Edward Yang’s “Yi Yi” is a delicate masterpiece about self-reflection and the little things that make life worth living. Yang orchestrated an ensemble of social scenes that literally feature “reflection shots” of his characters. At times, you can see their reflection on windows, mirrors, or polished surfaces, but beneath the surface we see much more, we see characters undergoing inner-change as they go through the unavoidable randomness of life.
In one scene, a character asks a simple question: “Every day in life is a first time. We never live the same day twice. We’re never afraid of getting up every morning. Why?” With a career spanning two decades, Yang has graced us with a thought-provoking film about the uncertainties awaiting us in the span of a lifetime. If there is one thing we know for sure, it is that the most unexpected discoveries await us in the sphere of time.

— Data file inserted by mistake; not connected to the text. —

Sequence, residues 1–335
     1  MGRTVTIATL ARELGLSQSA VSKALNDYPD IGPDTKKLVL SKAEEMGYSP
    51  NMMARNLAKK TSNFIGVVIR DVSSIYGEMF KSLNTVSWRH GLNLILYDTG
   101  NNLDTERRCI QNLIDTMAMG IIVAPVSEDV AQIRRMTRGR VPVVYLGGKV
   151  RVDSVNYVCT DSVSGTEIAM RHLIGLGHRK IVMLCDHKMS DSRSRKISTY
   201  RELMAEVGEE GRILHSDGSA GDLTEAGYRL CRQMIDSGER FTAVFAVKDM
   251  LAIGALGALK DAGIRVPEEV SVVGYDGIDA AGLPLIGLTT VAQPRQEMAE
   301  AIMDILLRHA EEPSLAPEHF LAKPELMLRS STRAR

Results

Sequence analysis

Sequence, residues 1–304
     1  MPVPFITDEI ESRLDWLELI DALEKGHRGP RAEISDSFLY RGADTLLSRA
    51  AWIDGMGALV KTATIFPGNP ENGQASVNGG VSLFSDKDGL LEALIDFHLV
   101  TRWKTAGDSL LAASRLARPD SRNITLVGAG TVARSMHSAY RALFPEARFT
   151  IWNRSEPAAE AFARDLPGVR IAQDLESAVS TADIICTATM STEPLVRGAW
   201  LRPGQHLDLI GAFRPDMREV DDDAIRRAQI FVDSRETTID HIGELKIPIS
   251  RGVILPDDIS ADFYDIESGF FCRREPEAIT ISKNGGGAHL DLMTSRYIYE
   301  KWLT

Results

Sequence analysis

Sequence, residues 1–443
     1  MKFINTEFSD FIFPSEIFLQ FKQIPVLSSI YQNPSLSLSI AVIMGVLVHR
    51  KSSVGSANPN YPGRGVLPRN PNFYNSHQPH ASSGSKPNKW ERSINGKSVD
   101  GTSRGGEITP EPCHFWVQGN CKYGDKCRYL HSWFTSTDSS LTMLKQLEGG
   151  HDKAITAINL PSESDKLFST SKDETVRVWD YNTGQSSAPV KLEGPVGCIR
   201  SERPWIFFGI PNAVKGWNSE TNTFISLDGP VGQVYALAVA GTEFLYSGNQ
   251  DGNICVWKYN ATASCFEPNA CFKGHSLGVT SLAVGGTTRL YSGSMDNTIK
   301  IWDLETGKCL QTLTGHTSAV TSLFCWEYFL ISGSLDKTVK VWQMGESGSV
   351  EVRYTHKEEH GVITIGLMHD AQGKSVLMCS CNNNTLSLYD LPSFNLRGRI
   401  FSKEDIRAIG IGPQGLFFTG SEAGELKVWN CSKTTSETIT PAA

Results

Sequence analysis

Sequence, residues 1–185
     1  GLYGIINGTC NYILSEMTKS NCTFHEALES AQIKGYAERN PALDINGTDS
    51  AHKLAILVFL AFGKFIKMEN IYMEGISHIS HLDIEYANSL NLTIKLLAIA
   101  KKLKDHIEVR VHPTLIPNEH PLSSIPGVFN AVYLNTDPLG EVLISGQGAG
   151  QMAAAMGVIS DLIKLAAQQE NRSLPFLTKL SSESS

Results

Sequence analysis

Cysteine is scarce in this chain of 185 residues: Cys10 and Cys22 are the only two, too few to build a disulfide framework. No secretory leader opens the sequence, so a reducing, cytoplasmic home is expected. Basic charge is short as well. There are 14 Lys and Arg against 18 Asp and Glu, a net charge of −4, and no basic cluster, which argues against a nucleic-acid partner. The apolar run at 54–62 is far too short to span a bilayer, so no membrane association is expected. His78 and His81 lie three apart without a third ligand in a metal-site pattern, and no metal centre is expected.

“Yi Yi” is structured in a way that resembles the cycle of life itself; it starts with a wedding and ends with a funeral. The one thing that always catches me by surprise is how the scenes unfold in a very natural way. We are not fed moments, we arrive to them the same way we reach and attain realizations in our own lives. Yang doesn’t try to convey an idea to the audience, he simply lets you observe it. Once you assess what you have seen, you start appreciating the subtlety of a master in complete control of his craft.